2. Office Depot/OfficeMax is running a sale on Mastercard gift cards yesterday through Saturday too, putting them in direct competition with Staples. This deal is a better one from an earning perspective: you get a $15 rebate on $300 or more in Mastercard gift cards. When you buy two gift cards you’ll earn $1.10 after fees, and you’ll get another $10 back from Dosh as long as you’ve linked your card in the app ahead of time. Given several reports of Dosh looking harder at obvious gift card transactions, I’d add some staples or rubber bands to my purchase going forward.


We’ve talked about how Visa and Mastercard aren’t the same before, but let’s add a little more: By default, Visa and Mastercard gift cards are treated like any other debit card in backend payment processing systems, even though they have higher fees than a traditional debit card. Because the fees are higher, payment processors will often block prepaid cards in a whack-a-mole style fashion as usage grows. When they block, they block by BINs (the first 6 digits of a card number — but soon to be 8 digits). This gives us our first takeaway:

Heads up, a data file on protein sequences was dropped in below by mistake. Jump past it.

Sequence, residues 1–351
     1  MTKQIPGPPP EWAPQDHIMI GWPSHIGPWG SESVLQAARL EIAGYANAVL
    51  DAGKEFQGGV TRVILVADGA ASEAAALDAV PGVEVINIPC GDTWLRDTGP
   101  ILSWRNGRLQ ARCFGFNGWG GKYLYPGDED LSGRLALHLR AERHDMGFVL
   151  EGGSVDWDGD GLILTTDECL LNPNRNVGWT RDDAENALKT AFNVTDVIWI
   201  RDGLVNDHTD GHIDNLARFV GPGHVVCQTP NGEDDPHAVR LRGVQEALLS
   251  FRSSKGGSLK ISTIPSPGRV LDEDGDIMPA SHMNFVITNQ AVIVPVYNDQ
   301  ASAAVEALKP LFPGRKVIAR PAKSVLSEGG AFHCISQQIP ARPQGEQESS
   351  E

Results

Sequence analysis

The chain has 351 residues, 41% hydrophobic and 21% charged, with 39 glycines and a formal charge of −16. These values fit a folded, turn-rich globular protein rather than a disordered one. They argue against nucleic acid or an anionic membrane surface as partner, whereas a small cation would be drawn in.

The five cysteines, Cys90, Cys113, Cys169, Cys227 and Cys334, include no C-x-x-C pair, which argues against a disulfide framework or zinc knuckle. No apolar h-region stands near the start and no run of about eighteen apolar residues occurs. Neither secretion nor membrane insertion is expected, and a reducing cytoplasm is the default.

• BINs that are less commonly found at major retailers are more likely to work for our many liquidation techniques.

Now let’s tie this into Mastercard gift cards with some useful background information: In the height of the money order manufactured spend craze between 2014 and 2019, Mastercard gift cards got a bad wrap because at Walmart, you had to use the “change payment trick” when liquidating one of them. That trick was error prone and it gave certain cashiers bad vibes which only made things worse. So, many big time manufactured spenders simply wouldn’t buy Mastercards and prevailing wisdom in the community became “Visa gift cards are better”. That brings us back to the first point with a twist:

  • Mastercard gift cards are less commonly used in manufactured spending, and as a result they’re more likely to work for our many liquidation techniques.

The above datapoint isn’t just theoretical either. There are multiple liquidation methods in use today that work with Mastercards but not Visas. So, maybe take deals listed above as a bigger opportunity than you may have initially considered.